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Jean-Laurent Guyomard, Serge G. Rosolen, Michel Paques, Marie-Noelle Delyfer, Manuel Simonutti, Yann Tessier, José A. Sahel, Jean-François Legargasson, Serge Picaud; A Low-Cost and Simple Imaging Technique of the Anterior and Posterior Segments: Eye Fundus, Ciliary Bodies, Iridocorneal Angle. Invest. Ophthalmol. Vis. Sci. 2008;49(11):5168-5174. doi: 10.1167/iovs.07-1340.
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purpose. The authors recently used topical endoscopy to image the mouse eye fundus. Here, they widened the field of application for this ophthalmologic tool, imaging both the posterior and the anterior eye segments in larger animals commonly encountered in research laboratories and veterinary clinics.
methods. Pupils were dilated, and local anesthetic and gel were applied to the animal cornea. The endoscopic probe was placed in contact with the cornea of conscious rats, sedated cats and dogs, anesthetized sheep, and nonhuman primates.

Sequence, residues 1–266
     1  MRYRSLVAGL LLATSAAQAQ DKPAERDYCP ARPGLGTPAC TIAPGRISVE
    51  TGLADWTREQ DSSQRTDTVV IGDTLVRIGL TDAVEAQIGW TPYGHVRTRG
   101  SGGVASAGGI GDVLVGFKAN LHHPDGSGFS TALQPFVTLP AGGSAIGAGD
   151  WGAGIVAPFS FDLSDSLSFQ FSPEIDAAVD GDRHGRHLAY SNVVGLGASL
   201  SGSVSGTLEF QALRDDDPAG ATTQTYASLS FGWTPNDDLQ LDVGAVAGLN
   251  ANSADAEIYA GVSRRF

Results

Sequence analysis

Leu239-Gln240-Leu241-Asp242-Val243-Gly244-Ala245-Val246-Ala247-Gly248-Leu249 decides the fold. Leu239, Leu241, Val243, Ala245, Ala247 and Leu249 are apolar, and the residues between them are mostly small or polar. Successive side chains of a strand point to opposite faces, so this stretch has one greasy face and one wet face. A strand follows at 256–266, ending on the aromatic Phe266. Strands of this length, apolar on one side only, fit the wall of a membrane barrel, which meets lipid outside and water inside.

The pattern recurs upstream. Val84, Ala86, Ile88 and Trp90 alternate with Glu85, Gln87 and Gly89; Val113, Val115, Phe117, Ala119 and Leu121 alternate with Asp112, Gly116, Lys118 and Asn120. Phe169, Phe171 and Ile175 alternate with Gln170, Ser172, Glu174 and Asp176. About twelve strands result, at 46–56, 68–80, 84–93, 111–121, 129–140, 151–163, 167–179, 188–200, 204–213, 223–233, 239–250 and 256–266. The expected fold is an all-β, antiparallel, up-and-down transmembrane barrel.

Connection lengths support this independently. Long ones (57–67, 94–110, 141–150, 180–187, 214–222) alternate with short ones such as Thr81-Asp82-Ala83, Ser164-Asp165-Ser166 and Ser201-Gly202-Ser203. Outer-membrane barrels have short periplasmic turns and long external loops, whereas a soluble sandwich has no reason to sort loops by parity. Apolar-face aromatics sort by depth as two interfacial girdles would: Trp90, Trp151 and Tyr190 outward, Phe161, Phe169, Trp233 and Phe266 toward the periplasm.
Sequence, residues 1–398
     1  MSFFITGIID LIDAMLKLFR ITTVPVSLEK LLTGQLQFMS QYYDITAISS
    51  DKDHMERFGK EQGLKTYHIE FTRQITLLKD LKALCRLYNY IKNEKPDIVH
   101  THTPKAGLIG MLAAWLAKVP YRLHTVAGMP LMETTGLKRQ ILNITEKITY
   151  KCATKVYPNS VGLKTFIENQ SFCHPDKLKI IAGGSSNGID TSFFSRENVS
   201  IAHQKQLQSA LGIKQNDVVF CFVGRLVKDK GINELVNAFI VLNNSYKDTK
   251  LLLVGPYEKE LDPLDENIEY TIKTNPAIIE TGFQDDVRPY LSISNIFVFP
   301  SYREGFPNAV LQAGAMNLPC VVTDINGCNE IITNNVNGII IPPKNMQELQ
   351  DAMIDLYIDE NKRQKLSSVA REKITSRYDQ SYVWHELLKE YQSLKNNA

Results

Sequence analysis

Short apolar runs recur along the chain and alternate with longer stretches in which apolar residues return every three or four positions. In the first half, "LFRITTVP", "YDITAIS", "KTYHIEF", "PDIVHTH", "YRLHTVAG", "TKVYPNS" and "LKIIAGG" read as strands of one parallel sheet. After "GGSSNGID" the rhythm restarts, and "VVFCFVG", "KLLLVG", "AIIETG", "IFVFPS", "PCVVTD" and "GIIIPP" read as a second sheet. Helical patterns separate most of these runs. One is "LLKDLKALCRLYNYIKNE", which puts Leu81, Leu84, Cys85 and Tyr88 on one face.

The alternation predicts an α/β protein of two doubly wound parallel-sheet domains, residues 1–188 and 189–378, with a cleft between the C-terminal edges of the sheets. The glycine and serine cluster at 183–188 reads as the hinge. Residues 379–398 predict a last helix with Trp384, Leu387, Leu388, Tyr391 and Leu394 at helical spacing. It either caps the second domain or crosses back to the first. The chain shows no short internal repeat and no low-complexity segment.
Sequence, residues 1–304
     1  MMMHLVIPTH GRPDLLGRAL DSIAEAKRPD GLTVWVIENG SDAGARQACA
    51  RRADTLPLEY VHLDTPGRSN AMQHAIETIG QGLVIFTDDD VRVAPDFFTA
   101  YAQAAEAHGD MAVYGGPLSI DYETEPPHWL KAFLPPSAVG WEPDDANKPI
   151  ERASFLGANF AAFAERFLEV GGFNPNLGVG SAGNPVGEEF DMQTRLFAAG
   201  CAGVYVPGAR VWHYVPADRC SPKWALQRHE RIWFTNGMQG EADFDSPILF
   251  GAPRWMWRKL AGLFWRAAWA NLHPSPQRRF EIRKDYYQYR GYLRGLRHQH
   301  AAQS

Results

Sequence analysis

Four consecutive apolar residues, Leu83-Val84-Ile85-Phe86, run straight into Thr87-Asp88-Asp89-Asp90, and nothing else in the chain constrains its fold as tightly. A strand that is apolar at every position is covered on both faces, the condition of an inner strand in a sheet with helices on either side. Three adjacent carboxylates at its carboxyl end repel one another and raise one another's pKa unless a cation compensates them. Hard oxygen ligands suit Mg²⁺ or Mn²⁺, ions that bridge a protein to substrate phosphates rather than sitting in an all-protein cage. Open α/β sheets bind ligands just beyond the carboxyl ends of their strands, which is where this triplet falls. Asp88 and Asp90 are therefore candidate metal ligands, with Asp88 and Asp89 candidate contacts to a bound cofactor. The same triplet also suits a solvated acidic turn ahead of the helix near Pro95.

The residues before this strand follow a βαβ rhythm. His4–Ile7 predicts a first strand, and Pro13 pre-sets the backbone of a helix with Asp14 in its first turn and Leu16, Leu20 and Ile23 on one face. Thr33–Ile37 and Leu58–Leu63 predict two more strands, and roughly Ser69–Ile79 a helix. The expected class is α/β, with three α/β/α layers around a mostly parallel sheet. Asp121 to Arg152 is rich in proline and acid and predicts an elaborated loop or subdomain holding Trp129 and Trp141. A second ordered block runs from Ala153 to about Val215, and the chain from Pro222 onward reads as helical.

results. High-resolution digital images of the eye fundus were obtained in all investigated animals using the endoscopic probe along the eye axis. Arteriovenous filling time was monitored with fluorescein angiography in pigmented rats. The retinal periphery and ciliary bodies could be visualized with the probe placed at an oblique angle. The probe was inclined further to observe the iridocorneal angle such that the pectinate ligaments could be seen at high resolution in cats. The authors used the probe on eyes with retinal detachment, luxation of a cataractous lens, and pigment infiltration in the iridocorneal angle, demonstrating its potential use in eye diseases.
conclusions. This topical endoscopic technique provides a unique tool for single eye examinations. The authors obtained a circular view of the anterior (iridocorneal angle) and the posterior (fundus) eye segments from all animal species studied. This technique is inexpensive and easy to use. It can be easily moved to the eye of the patient who cannot move to stand in front of classic apparatus, offering new opportunities in ophthalmology.
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